Local Food and 'Not Taking the Easy Way Out'
Sometimes you hear something that so perfectly crystallizes your beliefs and you wonder why you didn't think of it yourself.
In this case, full credit goes to Duke Gastiger, owner of Spats, who told a crowd of local food lovers that "Community is not taking the easy way out."
He spoke those words at Sunday's "Local on the Menu" Friends & Farmers Cooperative fundraiser, which brought together community members who are already familiar with the concept of "not taking the easy way out" when it comes to their food.
Whether that means paying for a farm share or making an extra trip to the farmers market for those beautiful, orange-yolk eggs, we invest in local food because it's good for our bodies, our taste buds — and our communities.
In Duke's case, he was talking specifically about investing in the local farming community. As owner of Spats Café & Speakeasy, a restaurant specializing in Cajun and Creole dishes, he cooks with a lot of okra. Two years ago, he noted, the heat-loving pods weren't even grown in this area. Today, every bowl of Spats jambalaya and gumbo is made with locally grown okra. From May to November, the collard greens are local, too.
Duke certainly didn't take the easy way out when he agreed to host Sunday's sold-out Friends & Farmers fundraising dinner. He lovingly and enthusiastically created a "hometown" menu sourced from 18 local farmers, ranchers and producers. The food looked good, tasted even better, and told a story about its creation.
A card next to each dish noted its source. From the Tamarack Farm Lamb Sliders to the Jade Family Farm Napa Cabbage & Vegetable Rice Paper Spring Rolls, the dishes were some of the best I have ever tasted in a State College restaurant. As a Friends & Farmers board member who helped plan the event, I'm admittedly biased — but similar rave reviews confirm that I'm not delusional.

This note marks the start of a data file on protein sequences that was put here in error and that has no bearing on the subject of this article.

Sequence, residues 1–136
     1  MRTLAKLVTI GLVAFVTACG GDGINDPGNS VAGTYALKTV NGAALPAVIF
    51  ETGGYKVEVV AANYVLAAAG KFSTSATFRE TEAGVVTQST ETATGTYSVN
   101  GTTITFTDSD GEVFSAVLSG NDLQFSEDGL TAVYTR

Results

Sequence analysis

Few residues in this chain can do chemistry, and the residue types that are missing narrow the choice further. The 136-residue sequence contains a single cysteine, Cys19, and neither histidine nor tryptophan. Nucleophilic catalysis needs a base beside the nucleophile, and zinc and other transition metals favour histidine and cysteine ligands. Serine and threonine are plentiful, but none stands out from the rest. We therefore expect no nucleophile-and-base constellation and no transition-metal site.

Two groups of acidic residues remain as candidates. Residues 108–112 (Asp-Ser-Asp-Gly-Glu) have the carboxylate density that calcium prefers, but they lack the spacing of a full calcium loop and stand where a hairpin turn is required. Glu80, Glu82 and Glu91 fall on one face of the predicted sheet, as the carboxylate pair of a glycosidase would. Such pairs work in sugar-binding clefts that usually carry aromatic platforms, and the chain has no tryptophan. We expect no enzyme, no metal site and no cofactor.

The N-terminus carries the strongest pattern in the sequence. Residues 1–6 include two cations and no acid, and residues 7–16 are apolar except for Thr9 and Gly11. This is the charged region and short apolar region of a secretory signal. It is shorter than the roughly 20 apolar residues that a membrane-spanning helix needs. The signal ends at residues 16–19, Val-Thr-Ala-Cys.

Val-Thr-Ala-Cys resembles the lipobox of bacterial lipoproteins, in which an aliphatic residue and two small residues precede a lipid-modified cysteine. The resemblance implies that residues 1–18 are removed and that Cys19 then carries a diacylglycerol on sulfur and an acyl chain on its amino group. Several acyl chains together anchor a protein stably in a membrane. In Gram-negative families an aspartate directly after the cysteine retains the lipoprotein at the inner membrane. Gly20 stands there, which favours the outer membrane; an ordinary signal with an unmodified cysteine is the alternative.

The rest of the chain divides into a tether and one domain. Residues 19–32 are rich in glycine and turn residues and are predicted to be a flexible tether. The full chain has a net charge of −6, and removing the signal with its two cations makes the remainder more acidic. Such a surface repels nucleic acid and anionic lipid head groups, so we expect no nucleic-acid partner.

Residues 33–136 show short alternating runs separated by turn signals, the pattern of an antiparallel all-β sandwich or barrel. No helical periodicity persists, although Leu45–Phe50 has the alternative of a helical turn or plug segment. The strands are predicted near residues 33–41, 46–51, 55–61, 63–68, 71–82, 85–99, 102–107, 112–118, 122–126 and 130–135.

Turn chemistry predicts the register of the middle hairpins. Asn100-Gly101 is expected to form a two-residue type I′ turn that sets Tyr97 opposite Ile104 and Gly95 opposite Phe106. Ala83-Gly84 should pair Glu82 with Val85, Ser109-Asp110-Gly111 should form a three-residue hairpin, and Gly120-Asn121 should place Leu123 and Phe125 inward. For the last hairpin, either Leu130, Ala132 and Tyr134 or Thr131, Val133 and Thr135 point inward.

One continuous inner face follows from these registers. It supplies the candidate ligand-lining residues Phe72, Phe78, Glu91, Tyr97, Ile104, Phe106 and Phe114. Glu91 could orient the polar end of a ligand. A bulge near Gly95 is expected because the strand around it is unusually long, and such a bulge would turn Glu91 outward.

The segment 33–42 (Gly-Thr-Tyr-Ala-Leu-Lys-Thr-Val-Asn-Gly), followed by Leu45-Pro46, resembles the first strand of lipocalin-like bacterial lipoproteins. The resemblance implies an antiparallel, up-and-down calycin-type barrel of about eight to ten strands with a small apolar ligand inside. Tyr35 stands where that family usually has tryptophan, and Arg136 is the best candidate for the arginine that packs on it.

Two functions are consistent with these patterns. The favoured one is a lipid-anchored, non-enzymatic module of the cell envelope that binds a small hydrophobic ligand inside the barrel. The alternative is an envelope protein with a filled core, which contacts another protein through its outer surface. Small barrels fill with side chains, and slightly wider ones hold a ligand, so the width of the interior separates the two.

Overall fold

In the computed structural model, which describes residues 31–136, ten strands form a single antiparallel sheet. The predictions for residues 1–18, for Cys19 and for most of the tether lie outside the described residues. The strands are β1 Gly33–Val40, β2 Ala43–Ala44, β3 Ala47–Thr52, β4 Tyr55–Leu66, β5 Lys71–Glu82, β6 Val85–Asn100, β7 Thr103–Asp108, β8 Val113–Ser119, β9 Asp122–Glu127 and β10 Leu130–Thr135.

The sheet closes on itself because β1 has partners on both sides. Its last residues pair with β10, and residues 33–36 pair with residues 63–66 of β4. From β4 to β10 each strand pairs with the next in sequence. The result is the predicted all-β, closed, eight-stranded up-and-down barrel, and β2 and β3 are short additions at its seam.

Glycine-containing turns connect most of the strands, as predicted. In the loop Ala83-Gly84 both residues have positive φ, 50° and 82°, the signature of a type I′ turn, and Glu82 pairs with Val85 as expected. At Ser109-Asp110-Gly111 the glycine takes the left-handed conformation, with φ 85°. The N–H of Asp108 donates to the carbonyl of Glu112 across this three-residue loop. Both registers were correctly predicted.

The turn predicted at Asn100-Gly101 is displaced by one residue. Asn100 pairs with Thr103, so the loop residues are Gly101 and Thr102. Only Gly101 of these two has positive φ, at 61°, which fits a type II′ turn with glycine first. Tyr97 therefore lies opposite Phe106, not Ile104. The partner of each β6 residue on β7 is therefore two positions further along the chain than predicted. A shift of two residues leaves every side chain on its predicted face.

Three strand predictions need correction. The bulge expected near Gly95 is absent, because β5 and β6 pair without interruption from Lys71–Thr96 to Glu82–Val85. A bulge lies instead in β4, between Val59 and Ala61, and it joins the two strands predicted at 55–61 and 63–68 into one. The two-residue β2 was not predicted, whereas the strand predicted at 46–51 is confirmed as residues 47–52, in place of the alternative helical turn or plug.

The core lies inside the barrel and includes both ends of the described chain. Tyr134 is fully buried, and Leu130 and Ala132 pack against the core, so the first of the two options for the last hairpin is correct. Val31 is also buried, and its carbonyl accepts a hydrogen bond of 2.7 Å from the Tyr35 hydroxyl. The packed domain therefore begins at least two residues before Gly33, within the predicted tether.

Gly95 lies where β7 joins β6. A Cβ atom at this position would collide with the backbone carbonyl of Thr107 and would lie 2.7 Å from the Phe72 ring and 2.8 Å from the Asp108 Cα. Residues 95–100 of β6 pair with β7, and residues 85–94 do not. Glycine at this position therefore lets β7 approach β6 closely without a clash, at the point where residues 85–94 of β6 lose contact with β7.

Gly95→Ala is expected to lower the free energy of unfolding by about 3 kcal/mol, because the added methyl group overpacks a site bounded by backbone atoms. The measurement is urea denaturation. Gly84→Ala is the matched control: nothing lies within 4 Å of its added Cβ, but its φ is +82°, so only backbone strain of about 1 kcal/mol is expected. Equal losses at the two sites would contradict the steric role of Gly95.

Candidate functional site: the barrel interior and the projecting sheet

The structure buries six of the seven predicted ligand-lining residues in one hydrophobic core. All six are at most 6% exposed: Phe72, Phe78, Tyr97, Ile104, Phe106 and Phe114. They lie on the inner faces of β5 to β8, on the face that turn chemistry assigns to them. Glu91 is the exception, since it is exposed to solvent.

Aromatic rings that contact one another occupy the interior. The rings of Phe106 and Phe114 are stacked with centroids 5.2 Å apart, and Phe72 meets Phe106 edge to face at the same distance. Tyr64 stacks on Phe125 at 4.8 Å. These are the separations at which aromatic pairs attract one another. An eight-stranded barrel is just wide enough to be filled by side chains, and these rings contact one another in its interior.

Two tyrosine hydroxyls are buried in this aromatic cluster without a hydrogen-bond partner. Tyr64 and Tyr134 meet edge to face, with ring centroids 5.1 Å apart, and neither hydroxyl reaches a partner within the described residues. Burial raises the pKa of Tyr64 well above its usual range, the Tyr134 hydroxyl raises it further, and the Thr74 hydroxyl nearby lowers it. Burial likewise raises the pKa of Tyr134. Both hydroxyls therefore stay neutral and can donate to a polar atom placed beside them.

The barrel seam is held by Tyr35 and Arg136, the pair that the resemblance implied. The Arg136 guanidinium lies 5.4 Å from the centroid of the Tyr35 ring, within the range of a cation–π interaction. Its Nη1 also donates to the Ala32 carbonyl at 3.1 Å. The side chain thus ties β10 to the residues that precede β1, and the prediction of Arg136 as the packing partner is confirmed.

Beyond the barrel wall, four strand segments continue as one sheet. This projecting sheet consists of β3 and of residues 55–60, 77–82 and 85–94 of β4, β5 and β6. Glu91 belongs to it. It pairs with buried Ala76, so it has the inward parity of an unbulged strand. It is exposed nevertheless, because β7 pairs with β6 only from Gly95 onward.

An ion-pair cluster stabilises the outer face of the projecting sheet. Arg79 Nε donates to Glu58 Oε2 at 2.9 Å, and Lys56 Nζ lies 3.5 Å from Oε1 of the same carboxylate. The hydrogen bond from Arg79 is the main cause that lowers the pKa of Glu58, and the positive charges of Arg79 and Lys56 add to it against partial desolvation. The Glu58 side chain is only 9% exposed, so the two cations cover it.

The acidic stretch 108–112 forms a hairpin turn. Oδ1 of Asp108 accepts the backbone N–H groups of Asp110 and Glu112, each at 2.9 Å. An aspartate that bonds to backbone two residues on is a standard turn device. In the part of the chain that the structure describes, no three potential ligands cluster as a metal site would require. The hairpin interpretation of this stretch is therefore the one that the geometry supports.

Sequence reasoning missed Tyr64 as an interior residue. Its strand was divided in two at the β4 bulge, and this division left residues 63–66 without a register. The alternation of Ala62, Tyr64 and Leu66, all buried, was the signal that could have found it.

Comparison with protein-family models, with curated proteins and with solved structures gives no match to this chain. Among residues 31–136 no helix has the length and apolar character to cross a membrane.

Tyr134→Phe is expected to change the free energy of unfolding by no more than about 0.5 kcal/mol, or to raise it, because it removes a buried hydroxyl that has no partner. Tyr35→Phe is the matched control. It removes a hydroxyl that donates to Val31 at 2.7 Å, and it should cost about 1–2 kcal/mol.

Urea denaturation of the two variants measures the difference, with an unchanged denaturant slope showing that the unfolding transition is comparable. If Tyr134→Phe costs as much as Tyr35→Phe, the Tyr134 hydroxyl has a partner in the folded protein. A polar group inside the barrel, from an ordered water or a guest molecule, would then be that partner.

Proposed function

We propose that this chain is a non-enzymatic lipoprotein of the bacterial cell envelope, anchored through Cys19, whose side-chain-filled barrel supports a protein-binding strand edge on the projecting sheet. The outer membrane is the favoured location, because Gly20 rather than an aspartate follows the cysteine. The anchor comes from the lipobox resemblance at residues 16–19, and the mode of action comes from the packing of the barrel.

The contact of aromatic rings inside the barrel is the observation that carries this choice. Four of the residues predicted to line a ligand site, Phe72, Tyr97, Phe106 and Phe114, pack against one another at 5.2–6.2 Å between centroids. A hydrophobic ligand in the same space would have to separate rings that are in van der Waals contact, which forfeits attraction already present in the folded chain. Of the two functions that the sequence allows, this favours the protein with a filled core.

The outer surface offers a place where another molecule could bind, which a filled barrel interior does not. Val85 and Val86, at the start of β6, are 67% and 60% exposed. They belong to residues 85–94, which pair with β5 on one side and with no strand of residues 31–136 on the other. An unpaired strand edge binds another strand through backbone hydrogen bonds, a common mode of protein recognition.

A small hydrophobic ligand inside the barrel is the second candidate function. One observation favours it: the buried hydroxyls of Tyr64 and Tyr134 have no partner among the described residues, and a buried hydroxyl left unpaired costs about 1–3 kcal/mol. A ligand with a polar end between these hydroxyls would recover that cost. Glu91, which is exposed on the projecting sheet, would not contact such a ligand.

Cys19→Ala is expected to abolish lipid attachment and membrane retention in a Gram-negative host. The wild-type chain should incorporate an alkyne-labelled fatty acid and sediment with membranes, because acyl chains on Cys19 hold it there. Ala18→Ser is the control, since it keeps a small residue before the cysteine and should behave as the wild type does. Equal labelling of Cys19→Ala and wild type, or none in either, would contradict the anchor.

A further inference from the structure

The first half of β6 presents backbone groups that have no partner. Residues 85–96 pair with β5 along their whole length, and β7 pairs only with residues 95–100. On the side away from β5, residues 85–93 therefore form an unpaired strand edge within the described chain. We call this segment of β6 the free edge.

As Friends & Farmers gets ready to launch its membership campaign, we are fortunate to have chefs like Duke on our side. Back in December, another locally minded chef, Andrew Monk, created his own delicious version of a local food meal at a Friends & Farmers meet and greet at Whiskers. (It's worth noting that these chefs pulled off both events in winter, proving false the idea that you can't serve a delicious, locally grown meal year-round in Central PA.)
Monk, executive chef at The Nittany Lion Inn, didn't take the easy way out when he fried kale stems or made local beet-infused gin cocktails. (After the cocktail experiment left him looking like a victim in a bad horror flick, he wisely changed his chef whites.)
Beet cocktails are fun, but Monk isn't merely riding a food trend: "The local food movement is beyond a marketing gimmick," he says, "but a reality that needs to be fulfilled — for taste, for health, and for the prosperity and resilience of our individual community."
As word gets out that Friends & Farmers throws a great local food party, we hope that the memorable dishes remind people that we don't have to take the easy way when it comes to our food. Sure, I bring non-local banana bread to our board meetings and make my kids frozen pizzas so I can actually make it to those meetings, but the point isn't about what we don't do. It's the small and big steps we take to participate in a consumer experience that doesn't rely on tractor-trailers or shelf-extending preservatives.
In March Friends & Farmers is launching a membership campaign that will allow you to become an owner in a grocery store that feeds our community, by stocking produce and products grown and prepared right here in Happy Valley. Come out to our Membership Kick-Off Celebration at the Unitarian Universalist Fellowship of Centre County (UUFCC) on Sunday, March 2 from 3-6 p.m. to get more information, become a member and own a piece of this revolution.
There's an alternative to the corporate industrial food system, but it won't be delivered by a traditional corporation. Our farmers have done their best to make local food available. The rest is up to us.